Pensoft Publishers. (2012, December 7). Hexagonal pattern found on plant-parasitic nematode. ScienceDaily. Retrieved November 28, 2014 from www.sciencedaily.com/releases/2012/12/121207133236.htm
Pensoft Publishers. "Hexagonal pattern found on plant-parasitic nematode." ScienceDaily. www.sciencedaily.com/releases/2012/12/121207133236.htm (accessed November 28, 2014).

Share This


More From ScienceDaily



More Plants & Animals News

Friday, November 28, 2014

Featured Research

from universities, journals, and other organizations


Featured Videos

from AP, Reuters, AFP, and other news services

New Dinosaur Species Found in Museum Collection

New Dinosaur Species Found in Museum Collection

Reuters - Innovations Video Online (Nov. 27, 2014) A British palaeontologist has discovered a new species of dinosaur while studying fossils in a Canadian museum. Pentaceratops aquilonius was related to Triceratops and lived at the end of the Cretaceous Period, around 75 million years ago. Jim Drury has more. Video provided by Reuters
Powered by NewsLook.com
Classic Hollywood Memorabilia Goes Under the Hammer

Classic Hollywood Memorabilia Goes Under the Hammer

Reuters - Entertainment Video Online (Nov. 26, 2014) The iconic piano from "Casablanca" and the Cowardly Lion suit from "The Wizard of Oz" fetch millions at auction. Sara Hemrajani reports. Video provided by Reuters
Powered by NewsLook.com
Pet Dogs to Be Used in Anti-Ageing Trial

Pet Dogs to Be Used in Anti-Ageing Trial

Reuters - Innovations Video Online (Nov. 26, 2014) Researchers in the United States are preparing to discover whether a drug commonly used in human organ transplants can extend the lifespan and health quality of pet dogs. Video provided by Reuters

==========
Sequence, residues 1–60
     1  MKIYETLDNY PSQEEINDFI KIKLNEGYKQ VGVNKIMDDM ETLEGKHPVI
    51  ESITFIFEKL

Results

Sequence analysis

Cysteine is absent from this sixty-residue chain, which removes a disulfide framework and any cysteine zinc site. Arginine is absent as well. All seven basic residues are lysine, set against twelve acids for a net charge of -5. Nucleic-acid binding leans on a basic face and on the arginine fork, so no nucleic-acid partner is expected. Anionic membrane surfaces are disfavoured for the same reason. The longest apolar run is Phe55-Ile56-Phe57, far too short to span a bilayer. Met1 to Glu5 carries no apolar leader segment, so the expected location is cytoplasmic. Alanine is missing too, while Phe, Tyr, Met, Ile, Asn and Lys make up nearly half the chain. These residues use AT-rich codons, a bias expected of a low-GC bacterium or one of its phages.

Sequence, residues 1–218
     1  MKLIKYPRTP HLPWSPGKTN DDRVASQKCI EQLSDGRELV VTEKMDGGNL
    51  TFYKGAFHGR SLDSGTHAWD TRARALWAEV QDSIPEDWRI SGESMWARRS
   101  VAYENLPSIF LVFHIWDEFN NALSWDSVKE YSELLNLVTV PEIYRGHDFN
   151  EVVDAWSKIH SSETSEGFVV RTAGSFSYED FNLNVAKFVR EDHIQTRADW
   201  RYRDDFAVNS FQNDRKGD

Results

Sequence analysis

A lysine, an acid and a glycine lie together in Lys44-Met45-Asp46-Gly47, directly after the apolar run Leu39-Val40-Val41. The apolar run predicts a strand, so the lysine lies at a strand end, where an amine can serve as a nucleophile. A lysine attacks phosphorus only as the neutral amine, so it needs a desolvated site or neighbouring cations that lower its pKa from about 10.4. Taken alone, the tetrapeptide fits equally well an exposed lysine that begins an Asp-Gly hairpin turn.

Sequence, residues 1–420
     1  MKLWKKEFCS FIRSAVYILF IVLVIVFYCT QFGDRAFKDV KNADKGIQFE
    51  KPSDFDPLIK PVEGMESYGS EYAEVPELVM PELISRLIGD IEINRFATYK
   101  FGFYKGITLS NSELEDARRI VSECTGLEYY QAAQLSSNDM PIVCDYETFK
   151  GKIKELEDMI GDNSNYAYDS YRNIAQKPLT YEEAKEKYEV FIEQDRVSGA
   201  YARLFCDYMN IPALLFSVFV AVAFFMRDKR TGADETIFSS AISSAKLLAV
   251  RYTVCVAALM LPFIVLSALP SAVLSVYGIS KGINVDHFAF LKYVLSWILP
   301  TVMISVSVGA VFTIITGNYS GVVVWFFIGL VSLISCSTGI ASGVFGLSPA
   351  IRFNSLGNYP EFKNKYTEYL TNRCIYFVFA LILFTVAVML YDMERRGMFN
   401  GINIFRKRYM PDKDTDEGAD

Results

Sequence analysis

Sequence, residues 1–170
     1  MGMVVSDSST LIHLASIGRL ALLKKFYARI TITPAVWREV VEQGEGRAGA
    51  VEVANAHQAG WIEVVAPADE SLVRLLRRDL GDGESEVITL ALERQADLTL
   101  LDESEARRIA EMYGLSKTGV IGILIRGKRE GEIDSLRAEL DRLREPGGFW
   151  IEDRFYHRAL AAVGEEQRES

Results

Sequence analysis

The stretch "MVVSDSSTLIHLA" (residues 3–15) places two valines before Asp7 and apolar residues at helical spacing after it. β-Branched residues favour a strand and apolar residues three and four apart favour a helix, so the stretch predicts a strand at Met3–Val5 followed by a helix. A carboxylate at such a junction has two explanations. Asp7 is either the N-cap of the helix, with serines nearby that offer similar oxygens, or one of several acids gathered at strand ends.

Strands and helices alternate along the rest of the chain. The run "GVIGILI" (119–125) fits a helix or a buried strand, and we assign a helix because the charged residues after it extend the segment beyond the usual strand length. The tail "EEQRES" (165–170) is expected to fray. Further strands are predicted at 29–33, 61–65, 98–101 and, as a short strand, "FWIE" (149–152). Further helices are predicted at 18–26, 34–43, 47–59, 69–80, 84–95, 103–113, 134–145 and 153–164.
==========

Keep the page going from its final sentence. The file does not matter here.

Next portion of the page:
Powered by NewsLook.com
From Popcorn To Vending Snacks: FDA Ups Calorie Count Rules

From Popcorn To Vending Snacks: FDA Ups Calorie Count Rules

Newsy (Nov. 25, 2014) The US FDA is announcing new calorie rules on Tuesday that will require everywhere from theaters to vending machines to include calorie counts. Video provided by Newsy
Powered by NewsLook.com

Search ScienceDaily

Number of stories in archives: 140,361

Find with keyword(s):
Enter a keyword or phrase to search ScienceDaily for related topics and research stories.

Save/Print:
Share:

Breaking News:

Strange & Offbeat Stories


Plants & Animals

Earth & Climate

Fossils & Ruins

In Other News

... from NewsDaily.com

Science News

Health News

Environment News

Technology News



Save/Print:
Share:

Free Subscriptions


Get the latest science news with ScienceDaily's free email newsletters, updated daily and weekly. Or view hourly updated newsfeeds in your RSS reader:

Get Social & Mobile


Keep up to date with the latest news from ScienceDaily via social networks and mobile apps:

Have Feedback?


Tell us what you think of ScienceDaily -- we welcome both positive and negative comments. Have any problems using the site? Questions?
Mobile: iPhone Android Web
Follow: Facebook Twitter Google+
Subscribe: RSS Feeds Email Newsletters
Latest Headlines Health & Medicine Mind & Brain Space & Time Matter & Energy Computers & Math Plants & Animals Earth & Climate Fossils & Ruins